Coun­cil pro­gress­ing on main­te­nance fa­cil­ity

The Morning Journal (Lorain, OH) - - LOCAL NEWS - By Bri­ana Con­tr­eras

Plans for a com­pre­hen­sive City­wide Cen­tral Main­te­nance Garage Fa­cil­ity for the city of Elyria picked up steam Feb. 12 dur­ing City Coun­cil’s fi­nance com­mit­tee meet­ing.

Elyria Safety Ser­vice Di­rec­tor Mary Si­wierka shared the con­sid­er­a­tion of the new garage to com­mit­tee mem­bers Jan. 29 due to the cur­rent con­di­tion of the fa­cil­ity and what it lacks.

What is now an of­fi­cial project for the city, Coun­cil will progress in de­vel­op­ing a de­sign and costs for the fa­cil­ity.

Built in the 1970s, the garage is lo­cated on top of what was a city land­fill at 851 Gar­den St.

To­day, the build­ing is strate­gi­cally, tech­no­log­i­cally and en­vi­ron­men­tally de­fi­cient, Si­wierka said.

The garage is 34,000 square feet and houses de­part­ments and its fleets such as san­i­ta­tion, street, water dis­tri­bu­tion, parks and re­cre­ation, forestry divi­sion, main­te­nance garage and com­mu­ni­ca­tions depart­ment.

Along with the cen­tral main­te­nance garage, there are two other off-site lo­ca­tions where ser­vices can be per­formed, such as the for­mer Broad Street Elyria Fire Sta­tion and the waste­water pol­lu­tion con­trol plant.

Third Ward Coun­cil­man Mark N. Jessie and Sev­enth Ward Coun­cil­man Jack W. Cerra were ap­pointed by the city to serve the project and toured the fa­cil­i­ties to present is­sues to the ad­min­is­tra­tion of Mayor Holly Brinda.

At the main­te­nance garage, a few up­dates have taken place over the years, but the fa­cil­ity has still out­lived its use­ful life and needs re­con­struc­tion, Si­wierka said.

The build­ing and park­ing lot are out­dated, she said.

Si­wierka also pre­sented sev­eral is­sues in­side the garage such as plumb­ing sys­tems and fuel tanks.

There are some is­sues with drainage, non­com­pli­ant wiring, failed in­su­la­tion, year-round in­sect and ro­dent prob­lems.

The main­te­nance garage also lacks work­ing space for each depart­ment, Si­wierka said.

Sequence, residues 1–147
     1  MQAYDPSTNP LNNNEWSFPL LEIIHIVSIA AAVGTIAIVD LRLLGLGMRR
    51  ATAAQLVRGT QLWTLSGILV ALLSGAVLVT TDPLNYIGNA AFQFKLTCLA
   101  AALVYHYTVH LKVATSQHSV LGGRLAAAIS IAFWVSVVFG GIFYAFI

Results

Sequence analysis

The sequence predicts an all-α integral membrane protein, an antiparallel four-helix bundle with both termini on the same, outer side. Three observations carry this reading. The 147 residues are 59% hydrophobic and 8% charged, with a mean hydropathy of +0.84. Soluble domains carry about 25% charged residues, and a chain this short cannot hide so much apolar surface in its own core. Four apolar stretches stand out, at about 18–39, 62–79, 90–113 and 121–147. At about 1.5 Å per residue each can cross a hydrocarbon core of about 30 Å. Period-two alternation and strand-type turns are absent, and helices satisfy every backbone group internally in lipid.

With not enough work­ing space, some de­part­ments have trucks out­side dur­ing harsh weather con­di­tions, as well as limited space for in­ven­tory.

Some de­part­ments go with­out lunch or re­stroom fa­cil­i­ties, too, she said.

Is­sues at both off-site lo­ca­tions in­clude small spa­ces, light­ing, drainage and ven­ti­la­tion, Si­wierka said.

How­ever, in each small and iso­lated area, both the Fire Depart­ment and the waste­water plant only have one full time me­chanic work­ing, she said.

Each depart­ment works on mul­ti­ple ser­vices for the city, but does not have enough space or stor­age to hold equip­ment, Si­wierka said.

Joe Stroh­sack, se­nior fleet man­ager of the main­te­nance garage, said newer equip­ment has be­come so­phis­ti­cated.

If me­chan­ics could all work to­gether un­der one roof, they could learn how to use them to­gether, Stroh­sack said.

“We need a place to learn and be fa­mil­iar with other jobs,” she said.

Ad­vance­ments in tech­nol­ogy are chang­ing equip­ment, Si­wierka said.

Mem­bers of each depart­ment need to cross train and save money with cen­tral­ized equip­ment, main­te­nance and re­pairs, she said.

In the pre­sen­ta­tion given to the city, Si­wierka noted Elyria owns land — which is across the street from cur­rent lo­ca­tion — that could be uti­lized for a new garage.

With funds from the pas­sage of Is­sue 6, it can sup­ply new and up­dated equip­ment to the main­te­nance garage and off-site garages, Si­wierka said.

“Fund­ing for a new garage com­plex is yet to be de­ter­mined,” she said.

How­ever, most likely, it could be funded through a small “build­ing” fund that was es­tab­lished a few years ago, Si­wierka said.

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